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iOS SDK 5.x to 6.0 migration guide for Swift

Read time: 4 minutes
Last edited: Jan 04, 2024

Overview

This topic explains how to adapt Swift code that currently uses a 5.x version of the iOS client-side SDK to use version 6.0 or later.

Sections in this topic address different changes and updates between versions 5.x and 6.0 of the SDK.

Understanding the new LDValue type

The 6.0 release of the iOS client-side SDK introduces a new type that represents a value of any valid JSON type: LDValue. To learn more about the new type, read the generated documentation. The LDValue enum implements several ExpressibleBy protocols allowing constants to be created the same as other Swift types, as shown below.

let nullValue: LDValue = nil
let boolValue: LDValue = true
let numericValue: LDValue = 5.5
let stringValue: LDValue = "abc"
let complexValue: LDValue = ["abc": 123, "def": [false, true]]

Understanding the changes to configuration

The LDConfig class only requires changes if the application specifies the privateUserAttributes property. The type of the property has changed from [String] to [UserAttribute].

Here is an example that highlights the changes:

var config = LDConfig(mobileKey: "mobile-key-123abc")
config.privateUserAttributes = ["name", "premium"]

Setting "custom" as a private attribute no longer sets all custom attributes private. Only the custom attribute with the key "custom" would be considered private by the SDK.

Understanding the changes to creating users

Similarly to LDConfig.privateUserAttributes, LDUser.privateAttributes has been updated to use UserAttribute. Additionally LDUser.custom now user the LDValue type rather than Any for specifying the value of custom attributes.

Here is an example that highlights the changes:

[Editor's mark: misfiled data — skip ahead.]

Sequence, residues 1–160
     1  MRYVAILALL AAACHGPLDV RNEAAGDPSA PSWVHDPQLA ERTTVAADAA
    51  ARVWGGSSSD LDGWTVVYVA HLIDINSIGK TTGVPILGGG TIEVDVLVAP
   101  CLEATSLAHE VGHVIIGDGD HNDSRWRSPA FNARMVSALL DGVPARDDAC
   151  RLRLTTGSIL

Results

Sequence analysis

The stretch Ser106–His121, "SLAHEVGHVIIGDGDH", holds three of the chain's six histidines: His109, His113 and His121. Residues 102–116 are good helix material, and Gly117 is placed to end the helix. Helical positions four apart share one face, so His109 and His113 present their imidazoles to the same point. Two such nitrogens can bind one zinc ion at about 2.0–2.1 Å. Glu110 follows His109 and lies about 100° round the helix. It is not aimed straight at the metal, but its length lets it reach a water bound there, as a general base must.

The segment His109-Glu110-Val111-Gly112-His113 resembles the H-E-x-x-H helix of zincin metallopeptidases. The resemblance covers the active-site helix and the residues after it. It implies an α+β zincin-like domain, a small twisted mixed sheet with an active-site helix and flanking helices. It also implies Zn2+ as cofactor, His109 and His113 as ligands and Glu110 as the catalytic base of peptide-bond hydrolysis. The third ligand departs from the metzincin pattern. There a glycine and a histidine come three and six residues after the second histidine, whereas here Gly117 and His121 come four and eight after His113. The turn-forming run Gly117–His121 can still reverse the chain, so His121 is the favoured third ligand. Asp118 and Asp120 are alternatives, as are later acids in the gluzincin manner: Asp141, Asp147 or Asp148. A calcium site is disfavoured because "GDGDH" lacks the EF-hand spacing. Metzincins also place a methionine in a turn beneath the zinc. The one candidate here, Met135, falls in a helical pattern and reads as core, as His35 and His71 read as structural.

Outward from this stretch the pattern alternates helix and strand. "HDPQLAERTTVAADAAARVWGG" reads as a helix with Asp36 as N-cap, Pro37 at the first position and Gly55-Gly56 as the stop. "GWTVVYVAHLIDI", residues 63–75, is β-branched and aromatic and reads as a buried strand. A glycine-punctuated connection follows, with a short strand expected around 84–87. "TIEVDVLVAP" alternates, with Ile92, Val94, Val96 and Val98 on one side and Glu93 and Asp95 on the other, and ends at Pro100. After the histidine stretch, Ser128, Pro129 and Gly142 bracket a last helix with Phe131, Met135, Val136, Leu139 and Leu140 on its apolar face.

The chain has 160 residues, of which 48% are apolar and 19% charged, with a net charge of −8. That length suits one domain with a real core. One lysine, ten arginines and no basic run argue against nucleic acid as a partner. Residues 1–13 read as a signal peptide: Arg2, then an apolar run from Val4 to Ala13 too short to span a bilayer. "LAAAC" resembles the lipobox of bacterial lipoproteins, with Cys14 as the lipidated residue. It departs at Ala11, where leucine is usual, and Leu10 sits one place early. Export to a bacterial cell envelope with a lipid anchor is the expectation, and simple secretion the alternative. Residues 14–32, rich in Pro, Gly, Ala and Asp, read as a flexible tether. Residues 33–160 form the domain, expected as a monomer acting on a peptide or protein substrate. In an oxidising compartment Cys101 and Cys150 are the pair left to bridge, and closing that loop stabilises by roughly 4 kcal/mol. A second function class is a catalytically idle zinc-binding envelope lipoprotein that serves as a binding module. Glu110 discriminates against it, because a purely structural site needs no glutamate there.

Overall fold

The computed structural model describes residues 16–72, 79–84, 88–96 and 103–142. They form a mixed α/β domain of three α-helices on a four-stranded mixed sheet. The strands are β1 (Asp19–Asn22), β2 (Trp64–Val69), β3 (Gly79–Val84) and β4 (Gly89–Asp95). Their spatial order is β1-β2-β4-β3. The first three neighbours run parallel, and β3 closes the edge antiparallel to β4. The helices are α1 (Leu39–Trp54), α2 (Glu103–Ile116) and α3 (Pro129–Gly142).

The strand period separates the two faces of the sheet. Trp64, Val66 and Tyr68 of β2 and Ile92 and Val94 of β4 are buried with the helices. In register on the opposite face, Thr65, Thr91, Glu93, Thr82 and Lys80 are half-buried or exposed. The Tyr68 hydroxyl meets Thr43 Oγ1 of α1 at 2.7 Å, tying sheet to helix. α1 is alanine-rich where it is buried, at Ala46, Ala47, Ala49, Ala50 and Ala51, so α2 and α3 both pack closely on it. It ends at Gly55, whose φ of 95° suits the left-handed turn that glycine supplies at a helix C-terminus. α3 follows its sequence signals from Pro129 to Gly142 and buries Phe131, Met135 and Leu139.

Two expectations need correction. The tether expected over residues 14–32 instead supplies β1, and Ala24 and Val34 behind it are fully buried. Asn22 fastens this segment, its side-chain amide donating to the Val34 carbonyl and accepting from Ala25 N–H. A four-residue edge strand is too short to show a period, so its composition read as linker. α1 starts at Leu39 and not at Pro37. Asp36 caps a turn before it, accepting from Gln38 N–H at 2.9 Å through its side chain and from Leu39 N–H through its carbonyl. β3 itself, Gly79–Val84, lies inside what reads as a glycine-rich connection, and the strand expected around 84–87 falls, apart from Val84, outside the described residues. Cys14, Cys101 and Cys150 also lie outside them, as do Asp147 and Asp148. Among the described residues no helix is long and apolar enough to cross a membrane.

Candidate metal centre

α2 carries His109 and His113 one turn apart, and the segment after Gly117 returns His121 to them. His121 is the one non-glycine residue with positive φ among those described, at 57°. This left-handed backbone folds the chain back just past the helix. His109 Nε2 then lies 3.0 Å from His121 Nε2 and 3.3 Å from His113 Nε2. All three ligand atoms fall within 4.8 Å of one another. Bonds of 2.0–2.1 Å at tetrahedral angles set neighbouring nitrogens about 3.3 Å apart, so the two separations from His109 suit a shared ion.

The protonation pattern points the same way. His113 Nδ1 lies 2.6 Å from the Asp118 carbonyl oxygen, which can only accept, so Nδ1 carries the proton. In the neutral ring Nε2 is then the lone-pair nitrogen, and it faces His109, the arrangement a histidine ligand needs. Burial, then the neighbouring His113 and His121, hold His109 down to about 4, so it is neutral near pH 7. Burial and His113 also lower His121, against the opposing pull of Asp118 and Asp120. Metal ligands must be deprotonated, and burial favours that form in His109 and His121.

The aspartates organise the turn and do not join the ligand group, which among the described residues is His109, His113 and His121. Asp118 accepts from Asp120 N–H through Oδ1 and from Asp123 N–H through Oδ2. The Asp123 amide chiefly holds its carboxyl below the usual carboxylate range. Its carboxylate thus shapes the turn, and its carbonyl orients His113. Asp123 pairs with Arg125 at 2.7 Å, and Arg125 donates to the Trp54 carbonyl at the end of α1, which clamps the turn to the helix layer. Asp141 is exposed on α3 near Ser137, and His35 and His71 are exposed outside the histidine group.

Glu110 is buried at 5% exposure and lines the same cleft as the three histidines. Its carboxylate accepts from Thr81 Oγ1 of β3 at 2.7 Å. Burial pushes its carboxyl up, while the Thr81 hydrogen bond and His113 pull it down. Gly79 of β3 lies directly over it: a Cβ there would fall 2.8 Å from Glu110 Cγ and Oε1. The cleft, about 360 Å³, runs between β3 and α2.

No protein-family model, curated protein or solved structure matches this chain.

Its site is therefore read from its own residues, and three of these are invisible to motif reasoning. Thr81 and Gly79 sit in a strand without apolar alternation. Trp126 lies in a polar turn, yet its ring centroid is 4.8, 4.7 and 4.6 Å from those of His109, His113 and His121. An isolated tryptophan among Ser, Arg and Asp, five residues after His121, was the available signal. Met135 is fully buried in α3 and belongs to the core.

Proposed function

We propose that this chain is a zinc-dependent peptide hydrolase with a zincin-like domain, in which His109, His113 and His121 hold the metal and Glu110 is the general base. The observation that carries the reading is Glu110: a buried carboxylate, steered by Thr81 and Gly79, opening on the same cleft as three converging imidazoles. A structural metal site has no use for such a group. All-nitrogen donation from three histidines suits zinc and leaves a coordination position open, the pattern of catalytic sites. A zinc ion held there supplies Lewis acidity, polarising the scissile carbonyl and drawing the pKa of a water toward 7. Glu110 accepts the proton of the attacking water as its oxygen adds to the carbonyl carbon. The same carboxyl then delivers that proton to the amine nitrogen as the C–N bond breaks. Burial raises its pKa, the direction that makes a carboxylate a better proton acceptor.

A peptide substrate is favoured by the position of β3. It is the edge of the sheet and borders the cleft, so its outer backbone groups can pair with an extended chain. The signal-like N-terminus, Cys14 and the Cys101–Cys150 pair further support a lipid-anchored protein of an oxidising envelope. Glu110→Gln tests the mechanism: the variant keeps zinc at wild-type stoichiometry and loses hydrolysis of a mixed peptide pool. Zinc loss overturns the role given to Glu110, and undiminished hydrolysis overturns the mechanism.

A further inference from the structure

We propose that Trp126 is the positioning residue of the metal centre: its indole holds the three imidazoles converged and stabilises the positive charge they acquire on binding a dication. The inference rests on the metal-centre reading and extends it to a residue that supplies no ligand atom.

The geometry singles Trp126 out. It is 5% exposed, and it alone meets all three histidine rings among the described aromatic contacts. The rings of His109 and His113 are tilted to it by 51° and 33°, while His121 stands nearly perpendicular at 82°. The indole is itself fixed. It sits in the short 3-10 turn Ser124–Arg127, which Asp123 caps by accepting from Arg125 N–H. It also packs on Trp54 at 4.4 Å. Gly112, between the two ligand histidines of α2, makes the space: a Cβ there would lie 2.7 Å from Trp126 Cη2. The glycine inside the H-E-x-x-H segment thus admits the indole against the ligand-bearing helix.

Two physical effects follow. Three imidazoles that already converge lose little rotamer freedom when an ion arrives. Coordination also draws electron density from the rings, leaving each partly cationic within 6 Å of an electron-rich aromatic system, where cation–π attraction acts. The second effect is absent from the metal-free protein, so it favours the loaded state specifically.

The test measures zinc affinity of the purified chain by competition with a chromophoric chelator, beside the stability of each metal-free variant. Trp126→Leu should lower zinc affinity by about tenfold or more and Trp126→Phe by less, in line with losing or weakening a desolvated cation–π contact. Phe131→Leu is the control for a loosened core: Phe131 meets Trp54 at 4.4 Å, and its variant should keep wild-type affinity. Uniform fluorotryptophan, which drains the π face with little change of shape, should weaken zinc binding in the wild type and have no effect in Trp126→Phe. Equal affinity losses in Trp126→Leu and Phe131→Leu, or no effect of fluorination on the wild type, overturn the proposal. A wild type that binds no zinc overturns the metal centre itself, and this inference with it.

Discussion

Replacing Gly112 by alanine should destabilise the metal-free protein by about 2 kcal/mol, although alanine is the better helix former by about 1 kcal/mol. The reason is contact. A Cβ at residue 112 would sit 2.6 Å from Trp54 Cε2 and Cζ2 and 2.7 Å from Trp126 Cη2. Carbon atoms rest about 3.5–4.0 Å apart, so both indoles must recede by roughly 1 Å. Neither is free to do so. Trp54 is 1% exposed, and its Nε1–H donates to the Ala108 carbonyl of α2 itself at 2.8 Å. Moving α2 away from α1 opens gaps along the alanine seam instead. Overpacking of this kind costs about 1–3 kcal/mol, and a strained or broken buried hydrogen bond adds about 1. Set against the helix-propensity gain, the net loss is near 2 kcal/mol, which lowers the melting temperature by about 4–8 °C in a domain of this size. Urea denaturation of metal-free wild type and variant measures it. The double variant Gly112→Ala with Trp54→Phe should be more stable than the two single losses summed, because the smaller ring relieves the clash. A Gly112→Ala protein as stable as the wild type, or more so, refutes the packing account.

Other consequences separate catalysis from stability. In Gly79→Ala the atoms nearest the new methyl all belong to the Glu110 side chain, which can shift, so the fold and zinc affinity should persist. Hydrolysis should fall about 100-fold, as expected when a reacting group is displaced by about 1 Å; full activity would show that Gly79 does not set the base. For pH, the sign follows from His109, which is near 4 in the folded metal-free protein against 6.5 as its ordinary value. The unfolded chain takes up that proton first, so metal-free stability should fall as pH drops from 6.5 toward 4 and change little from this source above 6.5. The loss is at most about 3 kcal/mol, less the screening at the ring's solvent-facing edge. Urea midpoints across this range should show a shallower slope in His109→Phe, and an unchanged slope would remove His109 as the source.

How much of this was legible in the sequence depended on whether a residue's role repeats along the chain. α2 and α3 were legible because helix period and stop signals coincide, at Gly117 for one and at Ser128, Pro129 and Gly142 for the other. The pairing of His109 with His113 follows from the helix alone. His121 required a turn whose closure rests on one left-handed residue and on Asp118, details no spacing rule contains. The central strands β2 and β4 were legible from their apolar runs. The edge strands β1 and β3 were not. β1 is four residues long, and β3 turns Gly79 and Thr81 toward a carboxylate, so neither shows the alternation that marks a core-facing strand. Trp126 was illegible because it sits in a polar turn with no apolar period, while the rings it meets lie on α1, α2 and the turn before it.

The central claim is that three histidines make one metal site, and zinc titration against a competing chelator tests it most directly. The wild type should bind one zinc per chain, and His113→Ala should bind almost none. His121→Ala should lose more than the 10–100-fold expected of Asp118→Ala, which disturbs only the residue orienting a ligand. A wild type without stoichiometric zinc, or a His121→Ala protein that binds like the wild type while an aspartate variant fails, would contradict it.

let privateAttributes: [String] = ["name", "jobFunction"]
let customAttributes: [String: Any] = ["jobFunction": ["doctor"]]
let user = LDUser(key: "user-key-123abc", custom: customAttributes, privateAttributes: privateAttributes)

The Equatable instance for LDUser has also changed. It now compares all properties, rather than only the key property.

let user1 = LDUser(key: "user-key-123abc", name: "Sandy Smith")
let user2 = LDUser(key: "user-key-123abc", name: "Jesse Smith")
// Results in true
user1 == user2

Changes to variation functions

The iOS SDK now provides functions per-type for retrieving the variation for a given flag. To retrieve variation values that are complex (JSON arrays or objects), use the new jsonVariation function.

Here is an example:

let boolValue: Bool = LDClient.get()!.variation(forKey: "boolFlag", defaultValue: false)
let arrayValue: [Any] = LDClient.get()!.variation(forKey: "arrayFlag", defaultValue: ["abc", "def"] as [Any])

Changes to variationDetail functions

The iOS SDK now provides function per-type for retrieving the detailed variation result for a given flag. To retrieve variation values that are complex, such as JSON arrays or objects, use the new jsonVariation function. The reason information associated with a LDEvaluationDetail has also changed from [String: Any]? to [String: LDValue]?.

Here is an example:

let boolValue: LDEvaluationDetail<Bool> = LDClient.get()!.variationDetail(forKey: "boolFlag", defaultValue: false)
let arrayValue: LDEvaluationDetail<[Any]> = LDClient.get()!.variationDetail(forKey: "arrayFlag", defaultValue: ["abc", "def"] as [Any])
let arrayReason: [String: Any]? = arrayValue.reason

Recording custom events

If your application uses track to record custom events, remove try statements. This function no longer throws an error. Additionally, the data parameter type has changed from Any? to LDValue?. If your application provides the data parameter, you may need to update it to provide an LDValue type.

Here is an example:

do {
let customData: Any = ["abc": 123]
try LDClient.get()!.track(key: "key", data: customData)
} catch is LDInvalidArgumentError {
// Do something with the error
} catch {}